We brush off our shoulders because resilience is what is required in this line of work. It isn’t always rewarded, but it is required. And, at the end of the day, resilience is its own reward. The fabulous Tanya Golash-Boza has a whole blog article about resilience and rejection that you should read right now!
I say this because it is not said enough. It is however, said, in the vitally important book “Mentoring for Faculty of Color“. As Andrea Smith writes in her chapter: “If we start to realize that academia is not a meritocracy, then we are less likely to be fooled by the lie that we need to dispense with our lives in order to do quality scholarship.” People of color and folks who experience other forms of marginalization need to hear this message loud and clear.
For me, practices of self-care and holistic wellness are the building blocks of my life. I have learned, over the last few years, to prioritize my well-being above everything else. If I’m not replenishing my mind, body and spirit, then I can’t be a good partner, daughter, friend, mentor, educator or researcher. I think, blog and talk so much about eating healthy food, setting aside time to rest, exercise, tend to my body, meditate and cultivate stillness because these are the fundamentals. Without a strong foundation of self-care, it is impossible to thrive in academia or any other professional field. This is especially true for people who experience marginalization.
Taking care of yourself — mind, body and soul — is what real resilience is all about. It’s about loving yourself in the midst of feelings of failure and rejection. Refusing to let external recognition determine or circumscribe how you value contributions. Cultivating a higher purpose to guide you when shit hits the fan. Because shit is going to hit the fan. Trust.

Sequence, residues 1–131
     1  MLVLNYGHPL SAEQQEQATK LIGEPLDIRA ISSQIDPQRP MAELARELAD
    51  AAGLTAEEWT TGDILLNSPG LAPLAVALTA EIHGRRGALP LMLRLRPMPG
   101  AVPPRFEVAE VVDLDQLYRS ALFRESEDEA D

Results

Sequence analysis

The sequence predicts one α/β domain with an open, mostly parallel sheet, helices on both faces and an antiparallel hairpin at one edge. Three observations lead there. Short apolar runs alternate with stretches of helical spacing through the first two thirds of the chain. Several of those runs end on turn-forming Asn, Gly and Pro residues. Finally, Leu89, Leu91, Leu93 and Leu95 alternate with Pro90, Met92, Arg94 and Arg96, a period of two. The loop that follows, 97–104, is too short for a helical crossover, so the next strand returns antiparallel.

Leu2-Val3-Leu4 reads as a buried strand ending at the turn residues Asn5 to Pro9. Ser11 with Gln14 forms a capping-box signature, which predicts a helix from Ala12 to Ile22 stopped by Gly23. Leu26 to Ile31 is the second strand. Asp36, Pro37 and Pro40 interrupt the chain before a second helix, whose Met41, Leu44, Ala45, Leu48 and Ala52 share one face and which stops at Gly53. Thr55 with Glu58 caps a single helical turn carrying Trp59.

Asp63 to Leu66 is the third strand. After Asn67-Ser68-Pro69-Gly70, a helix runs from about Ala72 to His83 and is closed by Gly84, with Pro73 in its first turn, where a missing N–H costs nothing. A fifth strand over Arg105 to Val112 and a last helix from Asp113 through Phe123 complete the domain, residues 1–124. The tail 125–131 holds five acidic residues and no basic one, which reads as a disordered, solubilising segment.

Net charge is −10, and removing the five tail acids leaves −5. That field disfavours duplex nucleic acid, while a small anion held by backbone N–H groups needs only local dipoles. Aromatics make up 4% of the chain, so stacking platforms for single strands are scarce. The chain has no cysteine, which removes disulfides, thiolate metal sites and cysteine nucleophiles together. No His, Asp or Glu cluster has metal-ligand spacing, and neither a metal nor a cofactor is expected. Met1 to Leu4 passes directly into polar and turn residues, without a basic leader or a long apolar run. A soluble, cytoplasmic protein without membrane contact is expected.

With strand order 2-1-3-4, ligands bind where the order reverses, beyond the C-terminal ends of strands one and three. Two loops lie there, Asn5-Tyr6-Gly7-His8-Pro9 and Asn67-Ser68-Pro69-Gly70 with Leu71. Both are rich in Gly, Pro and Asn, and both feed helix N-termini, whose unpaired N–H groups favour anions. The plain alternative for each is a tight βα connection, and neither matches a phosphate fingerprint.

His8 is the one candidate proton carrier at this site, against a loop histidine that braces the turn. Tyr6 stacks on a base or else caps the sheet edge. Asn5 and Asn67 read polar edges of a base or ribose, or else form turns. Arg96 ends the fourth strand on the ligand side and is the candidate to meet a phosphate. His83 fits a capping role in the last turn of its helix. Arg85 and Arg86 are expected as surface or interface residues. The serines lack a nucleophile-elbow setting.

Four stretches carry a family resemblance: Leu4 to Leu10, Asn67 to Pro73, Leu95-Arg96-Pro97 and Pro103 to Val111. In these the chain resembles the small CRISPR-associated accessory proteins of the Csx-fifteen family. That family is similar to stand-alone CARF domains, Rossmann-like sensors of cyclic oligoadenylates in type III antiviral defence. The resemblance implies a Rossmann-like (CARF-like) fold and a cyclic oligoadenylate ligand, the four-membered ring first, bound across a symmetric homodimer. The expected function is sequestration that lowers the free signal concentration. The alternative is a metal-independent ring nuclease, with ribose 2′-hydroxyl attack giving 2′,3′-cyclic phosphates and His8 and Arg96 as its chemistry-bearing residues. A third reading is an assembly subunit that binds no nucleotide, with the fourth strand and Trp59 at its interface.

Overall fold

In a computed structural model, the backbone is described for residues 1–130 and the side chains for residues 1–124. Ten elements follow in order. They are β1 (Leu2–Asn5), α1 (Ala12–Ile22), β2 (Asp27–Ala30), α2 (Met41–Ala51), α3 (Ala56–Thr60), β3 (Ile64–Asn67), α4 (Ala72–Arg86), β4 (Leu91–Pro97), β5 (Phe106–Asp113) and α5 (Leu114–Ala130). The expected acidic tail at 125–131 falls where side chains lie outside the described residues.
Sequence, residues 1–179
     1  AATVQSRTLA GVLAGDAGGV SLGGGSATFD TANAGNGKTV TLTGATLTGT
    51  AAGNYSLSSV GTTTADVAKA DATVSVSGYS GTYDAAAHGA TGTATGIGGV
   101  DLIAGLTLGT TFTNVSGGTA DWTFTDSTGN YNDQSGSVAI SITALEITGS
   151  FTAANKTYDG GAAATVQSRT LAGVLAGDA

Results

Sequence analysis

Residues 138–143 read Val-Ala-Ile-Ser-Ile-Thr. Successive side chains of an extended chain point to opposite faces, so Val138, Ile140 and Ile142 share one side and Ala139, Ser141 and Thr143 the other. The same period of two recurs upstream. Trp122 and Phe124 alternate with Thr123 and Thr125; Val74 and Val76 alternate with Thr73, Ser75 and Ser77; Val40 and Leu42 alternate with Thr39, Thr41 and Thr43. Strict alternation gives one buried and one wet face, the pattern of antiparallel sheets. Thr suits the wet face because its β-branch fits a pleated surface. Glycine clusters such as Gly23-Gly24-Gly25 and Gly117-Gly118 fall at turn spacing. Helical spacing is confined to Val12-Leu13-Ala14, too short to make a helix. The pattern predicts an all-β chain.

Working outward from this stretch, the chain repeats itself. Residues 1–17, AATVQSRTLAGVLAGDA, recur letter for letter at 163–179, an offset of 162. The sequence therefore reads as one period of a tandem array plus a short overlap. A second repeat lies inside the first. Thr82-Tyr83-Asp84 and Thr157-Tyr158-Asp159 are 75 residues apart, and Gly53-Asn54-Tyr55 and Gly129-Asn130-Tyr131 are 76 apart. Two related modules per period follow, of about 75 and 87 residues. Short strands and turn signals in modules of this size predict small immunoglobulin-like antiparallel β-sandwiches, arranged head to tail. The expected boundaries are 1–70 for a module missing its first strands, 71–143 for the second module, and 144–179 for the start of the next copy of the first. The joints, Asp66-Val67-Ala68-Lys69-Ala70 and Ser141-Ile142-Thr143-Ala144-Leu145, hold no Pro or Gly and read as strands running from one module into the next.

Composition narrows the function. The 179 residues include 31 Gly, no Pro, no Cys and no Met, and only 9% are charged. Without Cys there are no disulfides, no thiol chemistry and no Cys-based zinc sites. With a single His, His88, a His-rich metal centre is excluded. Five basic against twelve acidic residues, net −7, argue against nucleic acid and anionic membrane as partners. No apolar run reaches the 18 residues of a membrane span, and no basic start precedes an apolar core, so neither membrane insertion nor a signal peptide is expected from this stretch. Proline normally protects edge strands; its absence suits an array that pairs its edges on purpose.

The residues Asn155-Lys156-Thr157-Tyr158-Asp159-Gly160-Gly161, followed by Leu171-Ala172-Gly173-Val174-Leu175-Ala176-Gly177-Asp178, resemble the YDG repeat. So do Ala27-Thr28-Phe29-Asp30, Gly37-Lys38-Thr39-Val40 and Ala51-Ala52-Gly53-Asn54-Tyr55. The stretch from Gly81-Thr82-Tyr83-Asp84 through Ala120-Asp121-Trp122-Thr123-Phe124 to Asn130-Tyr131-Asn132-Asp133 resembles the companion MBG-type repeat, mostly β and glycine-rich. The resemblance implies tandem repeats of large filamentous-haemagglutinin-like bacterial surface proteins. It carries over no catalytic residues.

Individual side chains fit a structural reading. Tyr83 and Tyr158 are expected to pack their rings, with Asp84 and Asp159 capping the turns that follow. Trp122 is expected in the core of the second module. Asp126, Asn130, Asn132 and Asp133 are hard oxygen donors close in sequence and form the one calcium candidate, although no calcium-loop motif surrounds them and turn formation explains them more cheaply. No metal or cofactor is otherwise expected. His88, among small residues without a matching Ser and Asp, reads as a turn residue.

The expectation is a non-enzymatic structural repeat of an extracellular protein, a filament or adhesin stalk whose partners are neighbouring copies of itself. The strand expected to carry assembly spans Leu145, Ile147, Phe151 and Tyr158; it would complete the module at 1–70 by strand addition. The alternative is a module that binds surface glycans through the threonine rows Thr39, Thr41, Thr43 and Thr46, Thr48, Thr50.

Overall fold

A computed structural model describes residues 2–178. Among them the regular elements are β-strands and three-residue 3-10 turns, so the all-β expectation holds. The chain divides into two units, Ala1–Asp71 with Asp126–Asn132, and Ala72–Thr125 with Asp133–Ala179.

The academics who inspire and edify me the most are not necessarily the most highly cited. Many weren’t even widely recognized until after death. And among the living, those scholars who are most committed to promoting social justice and un-doing various forms of domination are not usually the same people who are the presidents of universities, the editors of the “prominent” journals, the gatekeepers of institutional privilege and prestige.
Academics who wish to do something more than genuflect to the system that produced them must consciously confront and transcend the bullshit they’ve been trained to internalize. Transcending said bullshit requires letting go of the idea that genius and hard work are always rewarded in this business. They aren’t. People have all kinds of unfair advantages. And, as sociologist Kerry Ann Rockquemore astutely points out, the criteria used to evaluate academic work are profoundly subjective.
As a conscious academic, you need to have your own vision of 1) why you’re in this line of work in the first place and 2) the kind of life you want to live. Note that I did not say “the kind of basic, mediocre existence that you’re willing to scrape by with until you find out if you’ve been awarded tenure”.
People need to understand: You can play by all of the ‘rules’ for gaining tenure and still not get it. You can influence the outcome by conforming to the expectations of your department and institution, but ultimately the decision is out of your control. And the fact of the matter is, you may not even be alive by the time you’re considered for tenure.
Let’s pause and consider that. You may not be alive in two, three, four or five years.
I don’t say this to be grim. It’s just reality. (Although, apparently it’s a reality that women consider more than men.) And in the event that you are actually alive in a few years, your future quality of life depends on what you do now. If you compromise your values and your health just to appease your discipline and institution, you may find yourself tenured, miserable and chronically ill.
Now, watcha gonna do with your tenure if you ain’t got no health, no peace of mind, no sense of purpose and no fulfillment?
These are all reasons why I advocate taking care of yourself – your whole self – now, rather than later. Don’t wait for tenure (or a tenure track job . . . or promotion . . ) to focus on your well-being. Get clear on your priorities, your principles, and take steps to bring your work into alignment with those values. Ideally, you find a happy medium between your authentic vision and the exigencies of the tenure process. And if such a happy medium cannot be found, you exit stage left and find something better to do with your precious time and energy.
In other words: Do you, boo.
And if you get tenure in the process? Fantastic! If not? Their loss. Keep it moving. It’s a big world out there and there’s plenty to be done.